Monarchs amidst the flowers of English Ivy.
Other butterflies are also enjoying the ivy nectar; here it's a buckeye ...

... and here a Viceroy.


Monday, Sept. 24 was a banner day for monarchs in Cape May.  Our census came up with about 481 monarchs per hour, and for most of the day monarchs were concentrated along the beach and primary dune, a habitat not well covered by the census.  Monarchs were observed streaming down the dune from Cape May west to Cape May Point, but no major exodus towards Delaware was observed.

So what about Tuesday?  Predictions are dangerous -- these insects fool us sometimes -- but I'll offer my best guess.  There will surely be lots of monarchs around Cape May on Tuesday morning, members of Team Monarch watched them settle into small roosts all over Cape May Point last night.  Winds are predicted to blow at 10 to 20 mph from the southwest today, and if this prediction holds, we aren't likely to see many more monarchs arriving into Cape May, but not many of those who are here are likely to depart and cross to Delaware into this headwind.  My best guess is that there will be good numbers of monarchs feeding on whatever flowers they can find around Cape May Point.  Check the gardens, patches of English ivy, and also check the dunes -- the seaside goldenrod should begin to bloom any day now, and monarchs love the nectar from this beautiful native plant.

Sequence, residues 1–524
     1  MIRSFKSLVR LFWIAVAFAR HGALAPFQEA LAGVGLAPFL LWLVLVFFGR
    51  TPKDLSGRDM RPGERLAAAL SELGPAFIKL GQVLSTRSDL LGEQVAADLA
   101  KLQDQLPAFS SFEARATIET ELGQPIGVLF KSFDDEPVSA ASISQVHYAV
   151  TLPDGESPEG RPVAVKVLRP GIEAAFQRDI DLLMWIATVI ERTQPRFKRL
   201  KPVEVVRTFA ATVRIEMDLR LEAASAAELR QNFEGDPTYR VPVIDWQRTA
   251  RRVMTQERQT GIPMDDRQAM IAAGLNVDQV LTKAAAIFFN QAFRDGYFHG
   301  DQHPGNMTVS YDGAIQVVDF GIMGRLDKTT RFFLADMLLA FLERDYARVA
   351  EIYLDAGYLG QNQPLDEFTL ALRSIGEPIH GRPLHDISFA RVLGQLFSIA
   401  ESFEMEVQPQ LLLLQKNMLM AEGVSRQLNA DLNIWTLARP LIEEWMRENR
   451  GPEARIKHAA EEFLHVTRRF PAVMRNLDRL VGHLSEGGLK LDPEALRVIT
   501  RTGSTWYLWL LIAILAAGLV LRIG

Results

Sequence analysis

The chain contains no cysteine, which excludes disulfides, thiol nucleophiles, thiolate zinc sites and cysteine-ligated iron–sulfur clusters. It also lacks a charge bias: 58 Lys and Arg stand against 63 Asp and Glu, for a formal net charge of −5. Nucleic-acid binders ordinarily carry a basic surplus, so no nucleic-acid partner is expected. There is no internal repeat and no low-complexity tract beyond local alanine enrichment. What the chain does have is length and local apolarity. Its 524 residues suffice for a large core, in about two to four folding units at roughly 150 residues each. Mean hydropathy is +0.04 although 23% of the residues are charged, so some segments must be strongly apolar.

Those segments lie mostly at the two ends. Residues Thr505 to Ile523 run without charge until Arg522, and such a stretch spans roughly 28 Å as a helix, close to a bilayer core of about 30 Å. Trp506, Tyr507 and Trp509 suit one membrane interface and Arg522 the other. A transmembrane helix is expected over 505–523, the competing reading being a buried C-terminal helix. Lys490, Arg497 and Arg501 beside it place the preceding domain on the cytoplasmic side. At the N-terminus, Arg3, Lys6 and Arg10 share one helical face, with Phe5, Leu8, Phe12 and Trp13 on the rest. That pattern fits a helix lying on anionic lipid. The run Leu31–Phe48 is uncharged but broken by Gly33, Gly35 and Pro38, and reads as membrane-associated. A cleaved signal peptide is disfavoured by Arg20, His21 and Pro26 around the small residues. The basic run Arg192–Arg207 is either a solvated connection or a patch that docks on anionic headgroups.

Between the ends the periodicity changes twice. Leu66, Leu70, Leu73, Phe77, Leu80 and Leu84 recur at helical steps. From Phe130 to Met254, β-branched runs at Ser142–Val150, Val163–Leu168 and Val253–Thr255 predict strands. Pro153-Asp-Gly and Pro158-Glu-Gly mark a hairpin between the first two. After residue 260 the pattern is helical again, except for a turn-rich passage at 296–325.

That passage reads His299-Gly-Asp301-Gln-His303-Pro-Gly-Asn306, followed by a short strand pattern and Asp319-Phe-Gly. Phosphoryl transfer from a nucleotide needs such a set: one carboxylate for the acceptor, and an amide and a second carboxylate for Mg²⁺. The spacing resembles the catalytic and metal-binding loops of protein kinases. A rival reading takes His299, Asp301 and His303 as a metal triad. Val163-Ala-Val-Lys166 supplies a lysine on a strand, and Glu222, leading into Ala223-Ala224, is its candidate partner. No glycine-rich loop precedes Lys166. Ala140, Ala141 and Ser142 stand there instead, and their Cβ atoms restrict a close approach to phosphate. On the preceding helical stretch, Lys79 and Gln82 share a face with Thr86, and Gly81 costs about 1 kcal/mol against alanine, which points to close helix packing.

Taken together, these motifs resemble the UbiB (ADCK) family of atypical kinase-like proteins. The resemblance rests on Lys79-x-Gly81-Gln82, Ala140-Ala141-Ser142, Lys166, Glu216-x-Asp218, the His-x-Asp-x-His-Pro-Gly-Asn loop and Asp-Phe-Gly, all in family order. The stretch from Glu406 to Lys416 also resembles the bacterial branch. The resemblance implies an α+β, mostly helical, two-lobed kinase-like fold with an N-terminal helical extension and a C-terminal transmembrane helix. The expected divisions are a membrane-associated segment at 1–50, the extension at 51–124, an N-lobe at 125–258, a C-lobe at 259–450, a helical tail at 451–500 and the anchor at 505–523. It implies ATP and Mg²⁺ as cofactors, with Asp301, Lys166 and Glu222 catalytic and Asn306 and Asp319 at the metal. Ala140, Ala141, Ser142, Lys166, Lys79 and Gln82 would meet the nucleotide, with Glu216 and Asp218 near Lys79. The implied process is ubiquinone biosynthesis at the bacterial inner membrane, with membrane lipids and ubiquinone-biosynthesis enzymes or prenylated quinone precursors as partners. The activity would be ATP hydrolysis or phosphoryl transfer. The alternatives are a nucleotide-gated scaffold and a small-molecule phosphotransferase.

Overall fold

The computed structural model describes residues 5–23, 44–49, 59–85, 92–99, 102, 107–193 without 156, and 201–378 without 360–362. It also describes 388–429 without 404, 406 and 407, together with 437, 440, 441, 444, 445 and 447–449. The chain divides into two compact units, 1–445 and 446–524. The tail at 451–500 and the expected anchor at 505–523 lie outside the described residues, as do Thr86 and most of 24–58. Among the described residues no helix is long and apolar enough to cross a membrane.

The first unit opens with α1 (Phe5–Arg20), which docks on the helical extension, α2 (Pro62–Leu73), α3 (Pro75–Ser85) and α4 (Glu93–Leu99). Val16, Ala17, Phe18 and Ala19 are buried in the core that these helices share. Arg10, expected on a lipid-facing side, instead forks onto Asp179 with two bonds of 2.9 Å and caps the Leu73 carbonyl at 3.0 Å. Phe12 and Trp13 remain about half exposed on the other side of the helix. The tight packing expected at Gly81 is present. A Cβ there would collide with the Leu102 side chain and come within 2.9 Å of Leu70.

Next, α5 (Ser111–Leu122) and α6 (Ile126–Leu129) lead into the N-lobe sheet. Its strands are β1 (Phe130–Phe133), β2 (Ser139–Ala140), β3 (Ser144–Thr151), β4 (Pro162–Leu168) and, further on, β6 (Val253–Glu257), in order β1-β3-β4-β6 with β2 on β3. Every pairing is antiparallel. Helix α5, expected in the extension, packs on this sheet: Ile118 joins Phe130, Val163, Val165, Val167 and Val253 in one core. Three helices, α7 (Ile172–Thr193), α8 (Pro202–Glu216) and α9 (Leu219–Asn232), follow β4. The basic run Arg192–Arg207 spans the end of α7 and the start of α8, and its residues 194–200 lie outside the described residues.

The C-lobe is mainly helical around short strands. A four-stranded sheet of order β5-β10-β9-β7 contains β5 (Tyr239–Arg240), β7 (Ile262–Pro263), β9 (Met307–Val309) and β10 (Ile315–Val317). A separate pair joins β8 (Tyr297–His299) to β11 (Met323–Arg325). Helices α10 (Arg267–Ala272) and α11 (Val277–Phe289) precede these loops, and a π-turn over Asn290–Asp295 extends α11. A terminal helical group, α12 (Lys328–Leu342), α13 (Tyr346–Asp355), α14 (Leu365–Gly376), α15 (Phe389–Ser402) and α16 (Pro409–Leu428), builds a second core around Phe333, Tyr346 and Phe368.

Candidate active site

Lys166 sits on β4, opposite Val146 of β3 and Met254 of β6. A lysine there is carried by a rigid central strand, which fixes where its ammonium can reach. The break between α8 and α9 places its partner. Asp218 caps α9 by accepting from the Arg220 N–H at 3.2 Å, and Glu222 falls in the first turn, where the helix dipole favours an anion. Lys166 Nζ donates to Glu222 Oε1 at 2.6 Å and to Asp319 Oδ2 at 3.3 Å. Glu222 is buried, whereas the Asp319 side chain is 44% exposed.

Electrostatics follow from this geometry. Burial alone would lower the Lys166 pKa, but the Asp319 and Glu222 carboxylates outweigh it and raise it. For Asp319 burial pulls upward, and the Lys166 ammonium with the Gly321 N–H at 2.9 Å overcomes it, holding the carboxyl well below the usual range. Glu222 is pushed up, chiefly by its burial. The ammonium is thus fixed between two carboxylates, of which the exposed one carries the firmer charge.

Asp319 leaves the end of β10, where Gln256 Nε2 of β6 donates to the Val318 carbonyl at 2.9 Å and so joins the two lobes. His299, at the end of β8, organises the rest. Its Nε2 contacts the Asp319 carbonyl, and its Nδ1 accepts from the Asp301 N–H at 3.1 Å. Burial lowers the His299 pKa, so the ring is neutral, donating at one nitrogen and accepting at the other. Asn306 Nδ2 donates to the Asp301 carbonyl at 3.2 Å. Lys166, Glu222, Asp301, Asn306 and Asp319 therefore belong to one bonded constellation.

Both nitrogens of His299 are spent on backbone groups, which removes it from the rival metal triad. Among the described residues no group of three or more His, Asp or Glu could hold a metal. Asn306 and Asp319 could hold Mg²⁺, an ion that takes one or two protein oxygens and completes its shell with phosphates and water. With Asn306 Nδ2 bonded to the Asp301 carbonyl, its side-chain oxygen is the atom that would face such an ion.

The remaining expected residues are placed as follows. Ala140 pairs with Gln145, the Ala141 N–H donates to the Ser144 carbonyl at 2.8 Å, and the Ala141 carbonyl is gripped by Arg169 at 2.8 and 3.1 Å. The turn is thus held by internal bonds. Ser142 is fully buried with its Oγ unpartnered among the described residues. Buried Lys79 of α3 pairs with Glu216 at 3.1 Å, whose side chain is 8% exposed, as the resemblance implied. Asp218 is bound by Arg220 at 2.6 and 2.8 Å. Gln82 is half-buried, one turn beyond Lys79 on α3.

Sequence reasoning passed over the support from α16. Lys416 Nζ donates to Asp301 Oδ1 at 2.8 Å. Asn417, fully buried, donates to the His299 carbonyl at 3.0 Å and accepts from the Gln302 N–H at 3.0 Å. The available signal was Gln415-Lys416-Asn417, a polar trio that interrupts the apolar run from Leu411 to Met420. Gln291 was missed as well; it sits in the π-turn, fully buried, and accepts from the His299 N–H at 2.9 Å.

Watch for another post at the end of the day to see if my prediction is anywhere close to correct.

Monday, September 24, 2012

Lots of monarchs

Today -- Monday, Sept. 24 -- we have lots of monarchs around Cape May Point.  Most are along the beaches and dunes, though many are also clustered in patches of English Ivy, such as those in vacant lots along Stites Ave. and in various spots near the dune line.  Surprisingly there are not many monarchs in the gardens.  Don't know what they'll do next or how long this surge will last, but we will keep reporting back to the blog frequently.  Thanks to MMP volunteer Paige Cunningham for checking the Point thoroughly this morning and providing this information.

Sunday, September 23, 2012